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FERC staff report addresses possible common metrics for RTOs/ISOs and non-RTO/ISO utilities

From the September 2, 2014 issue of Public Power Daily

Originally published September 2, 2014

By Paul Ciampoli
News Director
Marking a milestone in a process that has been underway for several years, the Federal Energy Regulatory Commission staff has released a report assessing possible common metrics for evaluating the performance of independent system operators, regional transmission organizations, and utilities in regions outside ISO and RTO markets.

The report represents the culmination of five years of effort by ISOs, RTOs and utilities in regions outside ISO and RTO markets to develop performance metrics in a FERC staff-led metrics initiative. The analysis framework discussed in the report consists of 31 common metrics that measure performance for the six ISOs and RTOs and five utilities in regions outside ISO and RTO markets for the 2006-2010 period.

Prior metrics-related reports include a report submitted to Congress on performance metrics for ISOs and RTOs, and a FERC staff report on performance metrics in regions outside ISOs and RTOs.

The American Public Power Association has participated in related proceedings at FERC in recent years. For example, in May 2012 APPA joined with several other parties in submitting initial comments in response to FERC proposed metrics for utilities in regions with no RTOs or ISOs.

APPA and the other parties "have long supported the development of comprehensive performance measures to evaluate the benefits and costs of regional wholesale electricity markets," they said in their joint comments. "But the commission’s process for developing such measures has severely limited the value of the resulting metrics." APPA and the others noted at the time that they were not making specific recommendations on the proposed performance metrics for commission-regulated utilities in non-RTO regions. "Instead, these comments will explain why the entire process is fundamentally flawed." APPA and the other parties urged FERC to "start anew to develop comprehensive performance metrics for both RTO and non-RTO regions."

The August 26, 2014 report looks at which of the 31 metrics identified as candidates to be common metrics would be suitable for vetting the performance of ISOs, RTOs and utilities in regions outside ISO and RTO markets "and provides the first comprehensive review of performance metrics data," FERC staff said.

ISOs and RTOs that submitted metrics reports were: ISO New England, New York Independent System Operator, PJM Interconnection, Midcontinent Independent System Operator, Southwest Power Pool and California Independent System Operator. Utilities submitting reports were: Duke Energy, Southern Company, Louisville Gas and Electric and Kentucky Utilities, PacifiCorp and Arizona Public Service Co.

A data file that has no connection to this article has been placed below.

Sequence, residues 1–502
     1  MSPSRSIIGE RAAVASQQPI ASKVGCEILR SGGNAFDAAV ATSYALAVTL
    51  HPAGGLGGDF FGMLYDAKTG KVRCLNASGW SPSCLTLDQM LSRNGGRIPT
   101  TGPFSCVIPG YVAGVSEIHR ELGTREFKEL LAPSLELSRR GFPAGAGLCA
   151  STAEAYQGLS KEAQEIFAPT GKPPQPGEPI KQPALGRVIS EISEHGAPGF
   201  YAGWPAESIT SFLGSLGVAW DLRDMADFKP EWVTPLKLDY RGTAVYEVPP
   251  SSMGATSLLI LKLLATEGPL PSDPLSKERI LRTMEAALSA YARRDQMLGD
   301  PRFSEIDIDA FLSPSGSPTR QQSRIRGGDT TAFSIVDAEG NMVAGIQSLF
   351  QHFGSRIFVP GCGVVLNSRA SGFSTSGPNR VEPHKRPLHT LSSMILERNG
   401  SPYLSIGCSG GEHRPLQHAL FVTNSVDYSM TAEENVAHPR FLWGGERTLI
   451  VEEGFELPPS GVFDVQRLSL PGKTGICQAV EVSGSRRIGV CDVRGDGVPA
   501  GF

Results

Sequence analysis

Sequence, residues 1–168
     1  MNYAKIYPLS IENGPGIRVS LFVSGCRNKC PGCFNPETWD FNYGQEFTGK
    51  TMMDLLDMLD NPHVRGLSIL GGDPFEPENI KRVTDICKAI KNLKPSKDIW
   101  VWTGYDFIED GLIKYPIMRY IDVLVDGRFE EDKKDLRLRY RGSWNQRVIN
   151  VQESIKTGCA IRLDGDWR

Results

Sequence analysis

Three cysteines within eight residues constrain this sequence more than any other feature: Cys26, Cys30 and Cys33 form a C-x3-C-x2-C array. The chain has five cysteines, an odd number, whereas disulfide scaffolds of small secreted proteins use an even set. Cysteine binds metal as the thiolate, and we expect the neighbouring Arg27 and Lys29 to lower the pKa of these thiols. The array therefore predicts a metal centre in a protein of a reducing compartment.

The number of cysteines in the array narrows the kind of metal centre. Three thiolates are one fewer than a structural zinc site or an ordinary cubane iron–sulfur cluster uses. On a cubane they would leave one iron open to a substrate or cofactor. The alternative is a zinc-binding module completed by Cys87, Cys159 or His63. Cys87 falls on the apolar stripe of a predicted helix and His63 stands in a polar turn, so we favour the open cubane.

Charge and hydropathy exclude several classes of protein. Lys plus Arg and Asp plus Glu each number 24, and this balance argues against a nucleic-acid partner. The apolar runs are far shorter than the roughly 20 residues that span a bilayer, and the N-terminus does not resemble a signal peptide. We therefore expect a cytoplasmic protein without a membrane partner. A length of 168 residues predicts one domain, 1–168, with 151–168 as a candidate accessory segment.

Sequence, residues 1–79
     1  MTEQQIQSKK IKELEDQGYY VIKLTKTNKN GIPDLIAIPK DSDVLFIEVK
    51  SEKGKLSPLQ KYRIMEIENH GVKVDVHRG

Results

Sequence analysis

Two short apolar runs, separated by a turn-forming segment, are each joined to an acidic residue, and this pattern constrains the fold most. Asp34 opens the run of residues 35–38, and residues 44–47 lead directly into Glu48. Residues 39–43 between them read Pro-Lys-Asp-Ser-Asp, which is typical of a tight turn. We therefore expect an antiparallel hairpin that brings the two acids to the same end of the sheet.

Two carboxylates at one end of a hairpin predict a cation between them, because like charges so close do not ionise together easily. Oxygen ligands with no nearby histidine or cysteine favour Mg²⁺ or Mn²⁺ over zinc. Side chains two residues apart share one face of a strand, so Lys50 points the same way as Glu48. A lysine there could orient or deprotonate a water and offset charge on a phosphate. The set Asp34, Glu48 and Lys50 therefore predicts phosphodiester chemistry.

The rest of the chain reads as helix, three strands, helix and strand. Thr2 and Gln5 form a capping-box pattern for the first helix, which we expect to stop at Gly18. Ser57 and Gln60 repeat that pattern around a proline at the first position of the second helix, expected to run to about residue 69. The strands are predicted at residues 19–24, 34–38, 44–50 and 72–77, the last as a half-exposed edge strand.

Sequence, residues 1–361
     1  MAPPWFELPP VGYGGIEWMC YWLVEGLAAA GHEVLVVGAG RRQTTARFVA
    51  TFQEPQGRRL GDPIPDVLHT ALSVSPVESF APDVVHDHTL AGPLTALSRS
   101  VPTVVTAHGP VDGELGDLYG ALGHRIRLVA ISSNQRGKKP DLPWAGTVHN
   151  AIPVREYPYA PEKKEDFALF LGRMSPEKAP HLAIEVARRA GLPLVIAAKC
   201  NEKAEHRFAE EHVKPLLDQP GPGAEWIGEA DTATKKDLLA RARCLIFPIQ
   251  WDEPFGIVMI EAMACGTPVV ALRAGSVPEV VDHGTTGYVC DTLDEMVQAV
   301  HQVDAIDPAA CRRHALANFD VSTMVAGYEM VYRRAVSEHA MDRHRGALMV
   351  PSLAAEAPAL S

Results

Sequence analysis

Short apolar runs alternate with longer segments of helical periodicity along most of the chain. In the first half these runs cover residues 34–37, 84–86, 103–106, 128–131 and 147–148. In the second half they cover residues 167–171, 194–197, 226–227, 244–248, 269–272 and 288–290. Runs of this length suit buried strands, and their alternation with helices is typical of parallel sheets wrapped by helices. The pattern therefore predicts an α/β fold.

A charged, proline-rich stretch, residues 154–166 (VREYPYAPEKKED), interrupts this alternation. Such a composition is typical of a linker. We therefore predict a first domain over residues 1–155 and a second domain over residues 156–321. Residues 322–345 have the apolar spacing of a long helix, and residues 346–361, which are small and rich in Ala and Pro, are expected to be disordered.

ISOs, RTOs, and utilities submitted "extensive performance metrics data, thereby providing the basis for a comprehensive performance review over the 2006–2010 review period," the August 26 report said. Commission staff said that a five-year review period was chosen to ensure that performance evaluations would be based on long-term trends and not on short-term aberrations.

The report notes that of the 31 metrics, only one metric failed to pass muster in terms of being a suitable common metric – specifically, the metric for transmission loading relief (TLR) and unscheduled flow events. TLRs or unscheduled flow events "are not used universally in the industry and the data might not be a reliable indicator of their role in managing reliability," FERC staff said. "As a possible alternative, a more suitable common metric might be a measure of the megawatts managed by all manual actions as a percentage of total megawatts subject to congestion management." Such a measure would cover the full range of manual procedures used by ISOs, RTOs and utilities and it would not count TLRs that are not implemented.

The report said that the other common metrics have a common definition across RTOs, ISOs and utilities in regions outside of RTO/ISO markets that apply to the same activities. FERC staff said that a number of the reliability metrics are based on North American Electric Reliability Corporation reliability standards that apply to all transmission providers. "Accordingly, these metrics are suitable as common metrics since they are based on common definitions that are well understood by all transmission providers and have been reported on by these entities for a number of years."

Concurrently with the issuance of the report, FERC issued a separate notice seeking public comments on the report. The notice and the report are available at FERC’s website,


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Paul Ciampoli, News Director

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